This week more than 1,000 people have gathered in Washington, D.C. and San Francisco for the annual TedMed conference, which is one of those fast-paced, international meetings bringing together people who want to come together to make deals, make connections, make friendships, make whatever people like to make who get together and then be able to tell everyone who wasn’t there how much they missed by not being there. Think the Aspen Institute conference, think Davos, think TedMed, get it?
TedMed claims that its meetings explore “the technology, creativity and innovation that contributes to a healthier future,” which is an understated way of saying that if you have a new idea that will make a gezillion dollars in today’s health technology market, you’ll meet plenty of deep pockets belonging to people who want to help you get it out there as long as most of the profits end up belonging to them. But that’s the way entrepreneurship works and that’s the reason why the TedMed meeting was video-streamed to more than 140 countries worldwide.
I normally avoid having anything to do with such meetings because I know that the real action takes place not on the speaker’s platform, but in the hallways and the lounges where the conference delegates meet and greet. But I had to watch today’s session because one of the main speakers was Daniel Webster, who runs the Center for Gun Policy and Research at the Johns Hopkins University School of Public Health. And if readers of my column find that this name strikes a familiar chord it should, since the School in which the Center is located is endowed by the NRA’s chief antagonist, the former Mayor of New York.
If you’ve read the Center’s publications, you won’t find anything in Webster’s remarks at TedMed that would surprise. And the prescription for reducing gun violence, which he described artfully and fully to the TedMed audience, can be found in the many published articles of the Center and are summarized in the book, Reducing Gun Violence in America, which the Center released following the massacre at Sandy Hook. In sum, Webster and his colleagues believe that gun homicides can be reduced by roughly half of the 11,000 that occur each year, a goal which could be met if gun ownership standards were more higher and more consistent, gun dealers were better regulated, private gun transfers came under NICS, and safe-gun technologies, particularly ballistic prints of ammunition, were implemented by manufacturers prior to retail sales.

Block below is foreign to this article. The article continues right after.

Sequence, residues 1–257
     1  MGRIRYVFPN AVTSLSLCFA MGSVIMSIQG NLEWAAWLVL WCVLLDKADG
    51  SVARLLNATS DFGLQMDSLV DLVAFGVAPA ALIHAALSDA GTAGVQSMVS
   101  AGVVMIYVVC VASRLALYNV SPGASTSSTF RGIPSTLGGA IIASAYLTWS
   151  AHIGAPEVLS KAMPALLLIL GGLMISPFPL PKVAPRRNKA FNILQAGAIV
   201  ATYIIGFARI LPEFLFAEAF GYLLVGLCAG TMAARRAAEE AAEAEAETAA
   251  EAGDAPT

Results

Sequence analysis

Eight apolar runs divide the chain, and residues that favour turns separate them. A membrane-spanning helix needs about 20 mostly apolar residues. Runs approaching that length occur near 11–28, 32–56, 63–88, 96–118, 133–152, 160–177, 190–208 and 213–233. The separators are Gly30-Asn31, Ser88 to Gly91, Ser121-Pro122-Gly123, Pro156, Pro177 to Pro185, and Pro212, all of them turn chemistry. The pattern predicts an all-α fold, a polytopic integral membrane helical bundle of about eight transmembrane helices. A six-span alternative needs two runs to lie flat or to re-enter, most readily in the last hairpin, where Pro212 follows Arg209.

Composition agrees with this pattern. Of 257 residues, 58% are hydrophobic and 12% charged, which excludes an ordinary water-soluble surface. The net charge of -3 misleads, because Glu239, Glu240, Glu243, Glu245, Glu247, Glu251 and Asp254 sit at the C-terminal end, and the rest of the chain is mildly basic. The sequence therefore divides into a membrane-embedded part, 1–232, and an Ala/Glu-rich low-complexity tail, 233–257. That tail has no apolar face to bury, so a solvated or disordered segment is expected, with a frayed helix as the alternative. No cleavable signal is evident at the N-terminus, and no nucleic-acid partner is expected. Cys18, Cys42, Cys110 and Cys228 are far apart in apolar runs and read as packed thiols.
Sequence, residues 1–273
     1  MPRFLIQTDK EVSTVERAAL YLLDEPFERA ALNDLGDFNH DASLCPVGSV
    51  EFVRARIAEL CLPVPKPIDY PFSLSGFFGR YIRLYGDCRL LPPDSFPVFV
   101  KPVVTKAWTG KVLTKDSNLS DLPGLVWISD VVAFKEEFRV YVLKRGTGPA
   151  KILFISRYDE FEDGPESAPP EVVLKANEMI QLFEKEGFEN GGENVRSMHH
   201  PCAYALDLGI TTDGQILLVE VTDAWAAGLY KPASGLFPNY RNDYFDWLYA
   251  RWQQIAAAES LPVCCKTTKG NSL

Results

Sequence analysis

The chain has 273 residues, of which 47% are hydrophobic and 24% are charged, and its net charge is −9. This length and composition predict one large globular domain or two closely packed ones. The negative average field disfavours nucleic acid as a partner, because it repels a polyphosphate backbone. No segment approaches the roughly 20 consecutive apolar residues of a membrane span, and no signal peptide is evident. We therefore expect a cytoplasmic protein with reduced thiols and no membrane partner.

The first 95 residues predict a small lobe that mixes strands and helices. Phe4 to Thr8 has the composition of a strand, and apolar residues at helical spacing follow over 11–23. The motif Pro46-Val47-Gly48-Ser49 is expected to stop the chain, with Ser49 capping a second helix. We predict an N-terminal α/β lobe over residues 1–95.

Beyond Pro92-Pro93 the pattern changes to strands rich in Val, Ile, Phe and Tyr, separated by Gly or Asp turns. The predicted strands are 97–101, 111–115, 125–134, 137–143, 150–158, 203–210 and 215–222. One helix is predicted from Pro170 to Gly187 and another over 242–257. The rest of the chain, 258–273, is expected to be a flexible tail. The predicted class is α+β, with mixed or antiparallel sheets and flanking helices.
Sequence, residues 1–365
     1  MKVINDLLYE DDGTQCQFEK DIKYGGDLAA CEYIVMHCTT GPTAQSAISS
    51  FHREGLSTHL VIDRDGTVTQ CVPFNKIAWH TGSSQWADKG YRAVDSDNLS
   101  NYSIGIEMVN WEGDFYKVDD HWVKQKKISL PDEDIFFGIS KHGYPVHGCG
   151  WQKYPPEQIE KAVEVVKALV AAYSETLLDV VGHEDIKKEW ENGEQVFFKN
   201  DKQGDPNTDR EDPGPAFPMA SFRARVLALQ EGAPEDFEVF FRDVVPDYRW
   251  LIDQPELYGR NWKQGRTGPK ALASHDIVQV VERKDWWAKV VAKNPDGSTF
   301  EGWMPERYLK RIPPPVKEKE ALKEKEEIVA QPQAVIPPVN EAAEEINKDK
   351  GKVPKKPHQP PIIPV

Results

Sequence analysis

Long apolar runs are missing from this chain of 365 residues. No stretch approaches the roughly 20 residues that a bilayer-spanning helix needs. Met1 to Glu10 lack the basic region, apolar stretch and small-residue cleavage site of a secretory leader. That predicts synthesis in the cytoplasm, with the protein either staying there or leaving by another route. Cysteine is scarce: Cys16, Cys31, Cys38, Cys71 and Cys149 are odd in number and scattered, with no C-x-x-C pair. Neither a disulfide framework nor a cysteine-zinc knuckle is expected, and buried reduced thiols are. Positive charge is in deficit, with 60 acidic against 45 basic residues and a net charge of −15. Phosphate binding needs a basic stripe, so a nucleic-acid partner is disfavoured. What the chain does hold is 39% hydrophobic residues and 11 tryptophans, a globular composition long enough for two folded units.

As I was listening to Dan Webster’s remarks, however, it occurred to me that perhaps something needed to be considered beyond the strategy for change that he outlined in cogent and hopeful tones. Because while there’s no question that a majority of Americans, even a majority of gun-owning Americans, support (at least in theory) sensible measures to reduce the carnage from guns, perhaps the audience at the TedMed conference included entrepreneurs and investors who view this issue, like they view all such issues, as a question of market, products, profit and loss. So why not enlist them in figuring out how to translate some of these policy ideas into profitable ventures – the real American approach to solving problems – which will create financial incentives to help reduce harm from guns?
The smart-gun technology stuff has been kicking around for years, but the Number 1 reason why guns go off when they shouldn’t is because the owner forgot to unload it before he put it away. We have sensors that tell us if we forget to turn off the lights on our cars. Would anyone believe that their 2nd Amendment rights were under attack because they were reminded electronically to unload their guns? Don’t get me wrong – the Hopkins gun violence research team understands the policy imperatives that would bring gun violence way down. But asking entrepreneurs to advance the goals of those policies through market-based ideas and products certainly wouldn’t be wrong.